Passionate concern for child and adolescent health


1 March 2022

Anna Sarkadi

In her research, Anna Sarkadi examines, among other things, how existing activities within municipalities and regions can collaborate in new ways to help vulnerable families.

Listen to the young: they are wise. For Anna Sarkadi, this advice and the reason for it are repeatedly confirmed in her research on the wellbeing of children and adolescents, and on how it can be improved. Through collaboration with maternity care, social services and child health centres, measures address families directly.

For most parents, their local child health centre (CHC) is the self-evident place to pose questions about child health and development or discuss breastfeeding, for example. To give more people the security of knowing that this support is available, Anna Sarkadi and her research team are currently evaluating a programme in which parents-to-be in socially disadvantaged areas can be visited at home by CHC staff.

“We’ve interviewed parents and seen that they really appreciate these early home visits. They can get in touch before the birth, and then find out who their ‘own’ CHC nurse will be. When we interview Swedish parents, they talk about the CHC being their most important lifeline. But this may not be true of parents who haven’t been aware of the CHC from the start, and who need proportionally more support to establish a contact with the CHC and feel that it’s there to help them," Sarkadi says.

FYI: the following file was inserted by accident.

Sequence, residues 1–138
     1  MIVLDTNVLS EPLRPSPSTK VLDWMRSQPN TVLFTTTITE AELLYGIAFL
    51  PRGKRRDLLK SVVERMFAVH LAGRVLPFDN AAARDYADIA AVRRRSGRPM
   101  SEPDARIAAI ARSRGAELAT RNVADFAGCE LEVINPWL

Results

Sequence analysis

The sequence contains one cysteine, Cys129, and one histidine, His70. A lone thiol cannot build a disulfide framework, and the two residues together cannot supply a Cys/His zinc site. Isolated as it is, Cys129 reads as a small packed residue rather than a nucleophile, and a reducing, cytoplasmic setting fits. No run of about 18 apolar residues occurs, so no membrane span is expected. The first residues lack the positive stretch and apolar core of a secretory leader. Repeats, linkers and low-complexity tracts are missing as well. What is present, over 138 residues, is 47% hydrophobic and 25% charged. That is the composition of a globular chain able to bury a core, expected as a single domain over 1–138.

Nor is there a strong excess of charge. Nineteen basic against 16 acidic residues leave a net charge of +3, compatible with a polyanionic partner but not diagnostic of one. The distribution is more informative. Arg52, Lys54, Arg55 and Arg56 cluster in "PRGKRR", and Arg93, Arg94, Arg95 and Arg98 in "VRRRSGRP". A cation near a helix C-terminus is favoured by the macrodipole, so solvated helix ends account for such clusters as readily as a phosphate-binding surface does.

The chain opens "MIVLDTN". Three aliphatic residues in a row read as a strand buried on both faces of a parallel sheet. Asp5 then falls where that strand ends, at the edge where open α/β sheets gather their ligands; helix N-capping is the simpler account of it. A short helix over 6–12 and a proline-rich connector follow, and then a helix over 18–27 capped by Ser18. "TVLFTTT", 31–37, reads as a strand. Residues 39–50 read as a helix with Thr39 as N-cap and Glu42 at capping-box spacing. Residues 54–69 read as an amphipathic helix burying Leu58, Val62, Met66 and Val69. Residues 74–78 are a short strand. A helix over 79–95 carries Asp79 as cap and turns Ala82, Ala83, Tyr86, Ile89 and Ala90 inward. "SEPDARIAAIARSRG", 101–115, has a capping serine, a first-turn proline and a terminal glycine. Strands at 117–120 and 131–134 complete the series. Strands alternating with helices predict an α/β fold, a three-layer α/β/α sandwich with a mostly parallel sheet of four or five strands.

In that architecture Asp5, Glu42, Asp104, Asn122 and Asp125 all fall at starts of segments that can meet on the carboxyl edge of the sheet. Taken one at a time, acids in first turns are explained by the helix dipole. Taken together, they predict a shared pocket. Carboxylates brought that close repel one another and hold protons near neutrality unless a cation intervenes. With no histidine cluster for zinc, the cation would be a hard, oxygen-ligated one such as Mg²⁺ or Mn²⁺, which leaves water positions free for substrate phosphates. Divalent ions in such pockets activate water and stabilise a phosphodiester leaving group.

“If you’re a newcomer in Swedish society, you may have a hard time trusting it and you may not know the difference between the social services and the CHC. They may have heard that ‘they take your children away, so beware.’ But both the families and society have a tremendous lot to gain from establishing contact early and building trust.”

Much of Sarkadi's research involves investigating the potential for new forms of collaboration among existing municipal and regional activities to help vulnerable families. One example is the ‘Healthier Wealthier Families’ model, funded by Forte (the Swedish Research Council for Health, Working Life and Welfare) and pilot-tested in the municipality of Sandviken. Aimed at families in financial difficulties, this model is now to be tested, through CHCs and linked to municipal budget and debt counselling, in a randomised study of families at risk of child poverty. Results to date have been highly encouraging.